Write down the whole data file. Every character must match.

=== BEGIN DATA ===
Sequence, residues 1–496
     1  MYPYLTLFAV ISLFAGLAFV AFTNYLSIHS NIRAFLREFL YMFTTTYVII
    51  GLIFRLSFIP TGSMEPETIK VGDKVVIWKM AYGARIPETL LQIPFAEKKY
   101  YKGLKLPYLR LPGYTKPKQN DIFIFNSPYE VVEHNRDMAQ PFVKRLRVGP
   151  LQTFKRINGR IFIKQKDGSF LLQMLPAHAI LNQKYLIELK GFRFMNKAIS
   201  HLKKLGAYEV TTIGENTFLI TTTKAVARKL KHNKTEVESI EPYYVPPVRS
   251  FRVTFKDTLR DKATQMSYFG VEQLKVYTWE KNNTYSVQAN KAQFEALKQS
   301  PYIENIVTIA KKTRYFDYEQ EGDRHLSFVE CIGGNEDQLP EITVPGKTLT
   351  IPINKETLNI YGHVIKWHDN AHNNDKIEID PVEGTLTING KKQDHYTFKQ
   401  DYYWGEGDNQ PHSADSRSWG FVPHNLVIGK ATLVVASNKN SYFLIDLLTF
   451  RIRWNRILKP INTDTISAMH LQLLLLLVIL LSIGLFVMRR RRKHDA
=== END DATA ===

Sequence, residues 1–496
     1  MYPYLTLFAV ISLFAGLAFV AFTNYLSIHS NIRAFLREFL YMFTTTYVII
    51  GLIFRLSFIP TGSMEPETIK VGDKVVIWKM AYGARIPETL LQIPFAEKKY
   101  YKGLKLPYLR LPGYTKPKQN DIFIFNSPYE VVEHNRDMAQ PFVKRLRVGP
   151  LQTFKRINGR IFIKQKDGSF LLQMLPAHAI LNQKYLIELK GFRFMNKAIS
   201  HLKKLGAYEV TTIGENTFLI TTTKAVARKL KHNKTEVESI EPYYVPPVRS
   251  FRVTFKDTLR DKATQMSYFG VEQLKVYTWE KNNTYSVQAN KAQFEALKQS
   301  PYIENIVTIA KKTRYFDYEQ EGDRHLSFVE CIGGNEDQLP EITVPGKTLT
   351  IPINKETLNI YGHVIKWHDN AHNNDKIEID PVEGTLTING KKQDHYTFKQ
   401  DYYWGEGDNQ PHSADSRSWG FVPHNLVIGK ATLVVASNKN SYFLIDLLTF
   451  RIRWNRILKP INTDTISAMH LQLLLLLVIL LSIGLFVMRR RRKHDA